ntibiotic use in vegetable crops globally is not being monitored enough, despite suggestions it could impact the human immune system, according to a new study.
The study’s results are important to limiting medicinal antibiotic resistance, through over-consumption of antibiotics. Human health is endangered when antibiotics in medicine are rendered ineffective to bacteria. But some of the antibiotics sprayed on vegetable crops are critically important in human medicine.
The investigation was conducted jointly by the Food and Agriculture Organization (FAO), World Organization for Animal Health (OIE) and World Health Organization (WHO) and has been published on CABI Agriculture and Bioscience.
Assumptions that usage was low have been wrong, with the report estimating that each year 63 tonnes of streptomycin and seven tonnes of tetracycline (both critically important antibiotics in human medicine) are sprayed on the rice crop in South East Asia alone.
It said the antibiotics we ingest through medicine or eating meat are being well documented. But the lack of knowledge about their use in vegetables is of growing concern, particularly given that in some local and extreme cases 700 times more antibiotic is being used in agriculture than in human medicine.
Bacteria can develop resistance up to 100,000 times faster when antibiotic is mixed with other agrochemicals
Co-author, Dr Rob Reeder, said, “Further research into the scale of antibiotic use in crop protection is warranted as the potential for interactions with other crop protection products that might promote cross-resistance or co-selection for antibiotic resistance is considerable.
“There is considerable attention paid to the medical and veterinary use of antibiotics, but there is a paucity of data on their use in global crop production. The only well documented use of antibiotics on crops is that on top fruit in the USA. These data appear to indicate that the use of antibiotics in crop production is more extensive than most of the literature would suggest.”
Fellow author Philip Taylor added, “It has been shown that when antibiotics are mixed with other agrochemicals, bacteria can develop resistance to the antibiotic up to 100,000 times faster. This coupled with the consumption of raw food may provide an avenue for the production of resistant bacteria.
“Some evidence suggests that crops are a potential vehicle for resistant bacteria to enter the human gut and is an area where further research is needed. The science around the development of antibiotic resistance is still being hotly debated with those who advocate their use on crops are quick to point out that there is no proven evidence of resistance having spread from plant pathogenic bacteria to human or animal pathogens.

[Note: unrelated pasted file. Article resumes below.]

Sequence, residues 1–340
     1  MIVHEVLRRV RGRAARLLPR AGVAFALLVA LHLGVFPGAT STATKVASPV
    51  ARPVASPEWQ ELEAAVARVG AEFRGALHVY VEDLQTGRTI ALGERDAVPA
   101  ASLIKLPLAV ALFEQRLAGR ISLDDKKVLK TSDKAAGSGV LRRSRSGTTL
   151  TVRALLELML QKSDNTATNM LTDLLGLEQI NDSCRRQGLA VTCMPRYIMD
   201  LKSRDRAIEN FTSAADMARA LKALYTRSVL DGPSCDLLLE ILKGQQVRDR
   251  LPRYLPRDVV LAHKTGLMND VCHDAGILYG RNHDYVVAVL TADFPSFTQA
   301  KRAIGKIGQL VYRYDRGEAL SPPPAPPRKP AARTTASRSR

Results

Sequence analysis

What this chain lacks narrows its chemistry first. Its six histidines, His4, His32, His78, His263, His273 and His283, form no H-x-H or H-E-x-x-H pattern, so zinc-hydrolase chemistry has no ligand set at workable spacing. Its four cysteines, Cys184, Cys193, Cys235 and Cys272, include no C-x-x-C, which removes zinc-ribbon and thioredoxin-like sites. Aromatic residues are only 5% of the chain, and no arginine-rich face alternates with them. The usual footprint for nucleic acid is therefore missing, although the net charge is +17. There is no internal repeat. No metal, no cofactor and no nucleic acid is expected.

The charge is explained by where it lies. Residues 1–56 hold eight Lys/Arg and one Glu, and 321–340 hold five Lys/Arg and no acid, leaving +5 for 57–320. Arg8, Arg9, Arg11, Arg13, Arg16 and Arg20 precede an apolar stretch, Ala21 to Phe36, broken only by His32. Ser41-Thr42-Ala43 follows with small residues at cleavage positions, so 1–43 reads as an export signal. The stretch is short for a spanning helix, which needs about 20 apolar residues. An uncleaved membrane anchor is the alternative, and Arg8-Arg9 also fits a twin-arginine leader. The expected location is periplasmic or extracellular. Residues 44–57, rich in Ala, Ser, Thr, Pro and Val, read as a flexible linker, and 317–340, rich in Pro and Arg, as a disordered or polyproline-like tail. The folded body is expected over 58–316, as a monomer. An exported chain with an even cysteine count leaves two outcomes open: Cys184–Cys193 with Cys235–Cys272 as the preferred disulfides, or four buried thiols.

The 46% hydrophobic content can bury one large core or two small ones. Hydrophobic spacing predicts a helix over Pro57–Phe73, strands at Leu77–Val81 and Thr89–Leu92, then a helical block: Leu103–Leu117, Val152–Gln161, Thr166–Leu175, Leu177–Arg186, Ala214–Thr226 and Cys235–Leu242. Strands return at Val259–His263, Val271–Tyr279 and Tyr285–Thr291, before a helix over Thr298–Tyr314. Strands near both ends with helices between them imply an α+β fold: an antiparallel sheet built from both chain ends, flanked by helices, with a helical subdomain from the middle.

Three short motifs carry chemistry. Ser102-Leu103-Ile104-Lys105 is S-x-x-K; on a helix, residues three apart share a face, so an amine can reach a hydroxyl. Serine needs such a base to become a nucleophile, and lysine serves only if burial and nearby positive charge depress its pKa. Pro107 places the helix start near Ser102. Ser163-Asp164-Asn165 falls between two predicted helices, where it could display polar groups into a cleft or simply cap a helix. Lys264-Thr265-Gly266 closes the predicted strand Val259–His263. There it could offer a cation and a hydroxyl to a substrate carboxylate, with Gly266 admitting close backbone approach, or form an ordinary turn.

“It is hoped that the data presented in this paper will increase the debate regarding the use of antibiotics against crop pathogens and that crop production will be included under the One Health umbrella.”
At the beginning of 2019, in response to an outbreak of citrus greening, the US Environmental Protection Agency proposed treating the US citrus crop with up to 292 tons of streptomycin each year. By comparison, American medicine uses annually around 6.3 tons of aminoglycosides, the class of antibiotics that includes streptomycin.
The researchers found that 11 antibiotics (often blended together) are being recommended on crops grown in the Americas, Eastern Mediterranean, South East Asia and the Pacific rim countries.
Only three per cent of 158 countries regularly assessed in any way the types and amounts of antibiotic use on crops.
By comparison, 26% per cent of countries monitor antibiotic use in human medicine and 23% per cent monitor antibiotic use in animal health.
The new research was an analysis of more than 436,000 records from Plantwise plant clinics in 32 countries between 2012-2018.
Antibiotics are being recommended as prophylactic treatment on over 100 crops, in copious quantities in some cases.